NUKU'ALOFA, TONGA // A miniature submarine today formally identified a ferry that sank off Tonga earlier this month and found some human remains from the scores of people presumed dead, officials said. But New Zealand prime minister John Key, whose navy is leading search efforts, said that an operation to salvage the ferry or recover remains of the victims was unlikely. "I personally think that is likely to be very remote," Mr Key said. "It would be not only very expensive but would take some time to deploy and of what merit it would be by the time it got there, would be questionable."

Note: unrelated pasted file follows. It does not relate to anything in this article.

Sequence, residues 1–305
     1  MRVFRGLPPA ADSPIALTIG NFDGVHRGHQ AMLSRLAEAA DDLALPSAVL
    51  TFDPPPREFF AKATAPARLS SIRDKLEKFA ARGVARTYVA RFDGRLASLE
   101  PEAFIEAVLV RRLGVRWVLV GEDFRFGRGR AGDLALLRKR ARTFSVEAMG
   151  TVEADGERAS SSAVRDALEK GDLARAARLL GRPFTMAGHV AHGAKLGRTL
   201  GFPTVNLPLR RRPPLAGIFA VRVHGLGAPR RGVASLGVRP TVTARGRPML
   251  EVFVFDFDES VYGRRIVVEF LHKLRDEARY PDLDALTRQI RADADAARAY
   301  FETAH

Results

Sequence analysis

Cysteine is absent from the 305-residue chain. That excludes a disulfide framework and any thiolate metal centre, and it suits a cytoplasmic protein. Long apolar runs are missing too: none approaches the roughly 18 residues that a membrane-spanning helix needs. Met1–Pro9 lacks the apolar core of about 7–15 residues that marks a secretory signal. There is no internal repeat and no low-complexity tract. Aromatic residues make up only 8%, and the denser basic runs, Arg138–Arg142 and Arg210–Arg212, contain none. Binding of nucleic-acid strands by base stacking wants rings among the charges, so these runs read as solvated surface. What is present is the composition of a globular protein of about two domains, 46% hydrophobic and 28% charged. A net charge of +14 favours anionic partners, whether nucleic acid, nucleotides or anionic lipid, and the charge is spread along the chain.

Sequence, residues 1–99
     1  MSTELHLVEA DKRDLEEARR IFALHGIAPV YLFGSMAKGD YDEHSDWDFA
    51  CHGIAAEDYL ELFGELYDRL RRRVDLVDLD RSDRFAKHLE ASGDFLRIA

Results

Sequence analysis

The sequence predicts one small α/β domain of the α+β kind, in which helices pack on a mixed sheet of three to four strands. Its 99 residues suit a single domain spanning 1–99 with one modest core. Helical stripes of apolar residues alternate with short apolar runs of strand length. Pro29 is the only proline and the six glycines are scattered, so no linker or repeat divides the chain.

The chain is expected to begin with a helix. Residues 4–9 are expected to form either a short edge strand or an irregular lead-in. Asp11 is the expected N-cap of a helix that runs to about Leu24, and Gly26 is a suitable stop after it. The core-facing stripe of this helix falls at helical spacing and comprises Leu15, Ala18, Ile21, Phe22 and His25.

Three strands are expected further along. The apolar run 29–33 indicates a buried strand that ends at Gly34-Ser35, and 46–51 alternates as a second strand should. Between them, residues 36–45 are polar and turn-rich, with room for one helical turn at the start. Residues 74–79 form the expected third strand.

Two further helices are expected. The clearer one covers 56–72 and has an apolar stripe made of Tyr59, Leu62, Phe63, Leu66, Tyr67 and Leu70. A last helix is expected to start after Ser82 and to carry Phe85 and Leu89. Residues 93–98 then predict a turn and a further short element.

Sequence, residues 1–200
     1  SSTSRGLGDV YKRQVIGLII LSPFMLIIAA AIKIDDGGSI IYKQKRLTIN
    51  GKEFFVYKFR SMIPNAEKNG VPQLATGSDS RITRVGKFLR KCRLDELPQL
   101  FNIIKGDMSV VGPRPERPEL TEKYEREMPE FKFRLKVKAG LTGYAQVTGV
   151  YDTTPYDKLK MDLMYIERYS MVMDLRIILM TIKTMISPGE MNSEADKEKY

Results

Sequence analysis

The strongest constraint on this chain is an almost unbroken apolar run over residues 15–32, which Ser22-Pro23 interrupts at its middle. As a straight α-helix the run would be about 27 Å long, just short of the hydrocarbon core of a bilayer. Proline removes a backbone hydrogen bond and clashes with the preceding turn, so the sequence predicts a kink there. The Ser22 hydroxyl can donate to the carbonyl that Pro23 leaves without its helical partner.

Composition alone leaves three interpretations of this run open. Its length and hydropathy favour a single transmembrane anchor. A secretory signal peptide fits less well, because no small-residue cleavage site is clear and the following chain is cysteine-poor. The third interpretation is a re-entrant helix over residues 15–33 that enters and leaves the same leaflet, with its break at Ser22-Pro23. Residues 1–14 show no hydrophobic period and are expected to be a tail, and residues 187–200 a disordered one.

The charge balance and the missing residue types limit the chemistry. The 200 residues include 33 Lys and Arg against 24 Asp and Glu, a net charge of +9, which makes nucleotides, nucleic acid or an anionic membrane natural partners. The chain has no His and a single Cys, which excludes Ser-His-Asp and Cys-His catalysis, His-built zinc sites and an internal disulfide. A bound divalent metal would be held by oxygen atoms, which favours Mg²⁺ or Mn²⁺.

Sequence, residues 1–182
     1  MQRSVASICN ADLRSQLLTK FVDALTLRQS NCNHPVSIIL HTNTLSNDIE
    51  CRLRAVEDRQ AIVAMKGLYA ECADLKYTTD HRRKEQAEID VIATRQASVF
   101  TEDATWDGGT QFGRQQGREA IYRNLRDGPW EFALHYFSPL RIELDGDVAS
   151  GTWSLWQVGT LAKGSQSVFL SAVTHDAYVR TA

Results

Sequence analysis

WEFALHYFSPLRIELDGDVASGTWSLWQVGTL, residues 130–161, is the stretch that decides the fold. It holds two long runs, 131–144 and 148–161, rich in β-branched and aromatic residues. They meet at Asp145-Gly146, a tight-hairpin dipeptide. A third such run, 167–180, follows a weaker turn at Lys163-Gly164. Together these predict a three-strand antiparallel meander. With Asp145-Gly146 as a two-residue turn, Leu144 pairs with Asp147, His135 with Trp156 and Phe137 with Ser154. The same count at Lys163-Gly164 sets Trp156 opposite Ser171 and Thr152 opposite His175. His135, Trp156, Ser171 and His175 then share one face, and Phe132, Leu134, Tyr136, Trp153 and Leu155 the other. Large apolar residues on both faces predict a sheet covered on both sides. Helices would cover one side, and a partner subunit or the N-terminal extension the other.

Officials again revised the number of people they believe were on-board the ferry and thus missing to 73 today. Conflicting and incomplete information has made it difficult for authorities to get an accurate count. The Princess Ashika sank minutes after a big wave overturned the ship on August 5 with 129 people on board, said Tongan police chief Commander Chris Kelley. He said 54 people survived, but police have located only two bodies. The tragedy has reverberated through the tiny, impoverished South Pacific kingdom, triggering accusations that the government allowed the ferry to operate despite being unseaworthy. The government has rejected the claims.